1. Personal storage for your work files. The app is almost like a cloud version of your “My Documents” folder on your computer. Each user gets their own OneDrive account which comes with 1 TB of space to store all your important business files.
  2. Saving drafts. Maybe you’re building out some business docs that are not quite finished or ready for feedback. Use OneDrive to tuck them away and continue to update them until ready to share.

While OneDrive has collaboration capabilities, we recommend using Microsoft Teams instead for group projects because it’s a lot easier.

Check out this video to further understand how to use OneDrive for Business


On the flip side, SharePoint is a web-based collaboration platform where you can create team websites. Your team site serves as a living and breathing online resource that directly integrates with Microsoft Teams. In fact, every single Microsoft Teams channel has a corresponding SharePoint teams site. This means that while you are working on documents inside Microsoft Teams, all of your files are simultaneously being stored in your SharePoint library.

Whether you’re working from inside Microsoft Teams or have logged into SharePoint Online, you and your colleagues are able to upload documents for the entire organization to view, edit, comment on, and modify. The SharePoint and Teams integration is designed for organization-wide projects and comes with awesome search capabilities so that team members can easily find the information they need.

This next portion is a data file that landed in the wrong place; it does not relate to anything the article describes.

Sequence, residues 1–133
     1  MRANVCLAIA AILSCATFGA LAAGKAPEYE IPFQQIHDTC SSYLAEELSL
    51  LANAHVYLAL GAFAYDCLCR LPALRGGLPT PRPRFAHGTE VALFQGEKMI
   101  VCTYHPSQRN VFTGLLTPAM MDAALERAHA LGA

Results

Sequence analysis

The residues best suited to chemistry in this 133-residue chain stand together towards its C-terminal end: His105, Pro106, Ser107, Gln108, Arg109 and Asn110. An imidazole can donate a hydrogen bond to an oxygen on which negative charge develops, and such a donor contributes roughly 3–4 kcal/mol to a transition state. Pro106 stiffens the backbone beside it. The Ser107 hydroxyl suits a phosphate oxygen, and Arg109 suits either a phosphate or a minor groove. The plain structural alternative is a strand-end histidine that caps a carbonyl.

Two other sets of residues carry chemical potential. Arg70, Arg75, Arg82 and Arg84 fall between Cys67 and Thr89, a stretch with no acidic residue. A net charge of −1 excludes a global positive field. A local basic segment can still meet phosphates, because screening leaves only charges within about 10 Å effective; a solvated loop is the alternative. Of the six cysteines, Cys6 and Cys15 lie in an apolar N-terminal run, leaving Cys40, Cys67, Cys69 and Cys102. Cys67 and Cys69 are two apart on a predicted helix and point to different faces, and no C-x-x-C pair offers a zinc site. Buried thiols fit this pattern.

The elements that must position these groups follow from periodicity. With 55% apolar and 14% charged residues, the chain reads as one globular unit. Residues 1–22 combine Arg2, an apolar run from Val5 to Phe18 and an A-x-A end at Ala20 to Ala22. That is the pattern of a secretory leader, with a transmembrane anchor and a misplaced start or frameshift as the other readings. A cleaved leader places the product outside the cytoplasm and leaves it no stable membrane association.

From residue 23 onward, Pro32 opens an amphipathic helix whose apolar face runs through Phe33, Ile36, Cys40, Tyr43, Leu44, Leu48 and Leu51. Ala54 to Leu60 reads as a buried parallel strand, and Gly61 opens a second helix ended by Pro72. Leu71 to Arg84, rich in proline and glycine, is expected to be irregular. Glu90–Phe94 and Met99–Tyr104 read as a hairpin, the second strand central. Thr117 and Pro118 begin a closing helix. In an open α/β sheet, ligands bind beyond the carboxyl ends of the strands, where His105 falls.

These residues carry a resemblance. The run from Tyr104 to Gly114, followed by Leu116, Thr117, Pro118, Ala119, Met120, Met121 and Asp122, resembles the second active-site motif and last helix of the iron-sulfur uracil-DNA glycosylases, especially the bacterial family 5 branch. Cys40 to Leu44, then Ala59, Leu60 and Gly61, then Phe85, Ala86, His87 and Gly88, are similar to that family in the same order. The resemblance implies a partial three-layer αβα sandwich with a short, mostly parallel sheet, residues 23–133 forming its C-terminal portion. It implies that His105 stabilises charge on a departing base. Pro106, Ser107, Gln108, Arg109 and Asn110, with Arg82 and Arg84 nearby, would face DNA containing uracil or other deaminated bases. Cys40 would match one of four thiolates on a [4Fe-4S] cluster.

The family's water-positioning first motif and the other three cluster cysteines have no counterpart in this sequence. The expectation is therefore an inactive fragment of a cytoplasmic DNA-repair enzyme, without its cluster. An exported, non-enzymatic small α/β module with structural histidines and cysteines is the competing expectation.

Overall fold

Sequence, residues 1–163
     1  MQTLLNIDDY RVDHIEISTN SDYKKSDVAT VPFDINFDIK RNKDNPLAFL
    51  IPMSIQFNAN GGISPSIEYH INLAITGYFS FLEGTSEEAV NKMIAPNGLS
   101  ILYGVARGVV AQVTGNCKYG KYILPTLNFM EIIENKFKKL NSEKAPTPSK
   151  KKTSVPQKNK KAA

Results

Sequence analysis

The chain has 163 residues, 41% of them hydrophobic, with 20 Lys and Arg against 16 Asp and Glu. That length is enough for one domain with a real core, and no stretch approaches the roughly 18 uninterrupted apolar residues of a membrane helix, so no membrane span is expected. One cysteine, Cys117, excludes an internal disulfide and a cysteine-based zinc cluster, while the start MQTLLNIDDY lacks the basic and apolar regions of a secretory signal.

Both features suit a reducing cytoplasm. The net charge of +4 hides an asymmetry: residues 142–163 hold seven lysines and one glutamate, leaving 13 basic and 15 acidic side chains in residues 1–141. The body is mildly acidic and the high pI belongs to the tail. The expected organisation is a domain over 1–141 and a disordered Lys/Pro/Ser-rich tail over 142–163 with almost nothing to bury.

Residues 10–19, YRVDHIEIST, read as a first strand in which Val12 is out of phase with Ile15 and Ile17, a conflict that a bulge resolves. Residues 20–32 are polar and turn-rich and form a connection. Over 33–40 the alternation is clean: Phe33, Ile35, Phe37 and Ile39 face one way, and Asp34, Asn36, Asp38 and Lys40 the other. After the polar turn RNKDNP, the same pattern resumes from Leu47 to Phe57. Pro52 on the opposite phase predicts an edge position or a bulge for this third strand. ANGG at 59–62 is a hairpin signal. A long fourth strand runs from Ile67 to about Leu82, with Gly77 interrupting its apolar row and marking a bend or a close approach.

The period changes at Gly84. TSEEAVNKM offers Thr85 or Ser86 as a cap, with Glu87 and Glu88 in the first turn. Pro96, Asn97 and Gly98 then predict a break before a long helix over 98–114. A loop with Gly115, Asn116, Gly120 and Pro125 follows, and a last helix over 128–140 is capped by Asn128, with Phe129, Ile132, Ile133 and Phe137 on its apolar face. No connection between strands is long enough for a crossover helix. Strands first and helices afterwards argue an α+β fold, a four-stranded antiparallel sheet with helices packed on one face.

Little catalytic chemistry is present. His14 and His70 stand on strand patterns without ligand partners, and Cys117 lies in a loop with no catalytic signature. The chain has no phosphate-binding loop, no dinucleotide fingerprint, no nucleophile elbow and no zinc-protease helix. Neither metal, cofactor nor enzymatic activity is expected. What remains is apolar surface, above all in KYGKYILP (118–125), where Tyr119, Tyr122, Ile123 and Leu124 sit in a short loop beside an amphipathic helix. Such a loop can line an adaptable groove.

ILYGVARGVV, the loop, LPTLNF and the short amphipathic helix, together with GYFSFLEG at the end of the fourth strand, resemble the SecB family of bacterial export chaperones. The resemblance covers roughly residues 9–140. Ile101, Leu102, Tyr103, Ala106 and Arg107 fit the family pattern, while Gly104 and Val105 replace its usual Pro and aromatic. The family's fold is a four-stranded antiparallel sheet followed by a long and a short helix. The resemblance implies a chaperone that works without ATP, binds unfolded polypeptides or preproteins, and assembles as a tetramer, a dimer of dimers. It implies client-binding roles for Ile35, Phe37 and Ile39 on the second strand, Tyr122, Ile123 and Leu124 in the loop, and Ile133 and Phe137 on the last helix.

For the most part, organizations take advantage of all the SharePoint capabilities simply by working on shared files inside Microsoft Teams.

You have a couple options when it comes to accessing documents in SharePoint:

  1. Access files stored on your SharePoint teams site simply by opening the Microsoft Teams application and navigating to the Files tab. In our opinion, this is the best option.
  2. Open a SharePoint site on your web browser with a URL or go to Office 365 portal sign-in and navigate to “Sites”
  3. Sync SharePoint files to a folder on your computer where you can access files offline

In summary, use SharePoint for:

  1. Team collaboration. Upload documents in Microsoft Teams for everyone to view and work on in real-time. This provides your business with a central place to view the most recent versions of group documents.

Check out this video to further understand how to use SharePoint.

How to Use Both Applications Together

Now that we’ve distinguished how OneDrive for Business is different from SharePoint, it’s time to start putting this information into practice. You should use OneDrive for Business to store personal files related to work or for saving unfinished drafts. When you have a file that is ready to be shared to your team for input, you can then upload it to your Microsoft Teams channel which automatically stores it in your team’s SharePoint library. This way, you can collaborate further on documents in real-time.

To visually see how OneDrive and SharePoint work together, take a look at this infographic created by Matt Wade, cofounder of jumpto365. If you have any further questions about how to start using SharePoint and Microsoft Teams or OneDrive for Business, reach out to TechWise Group!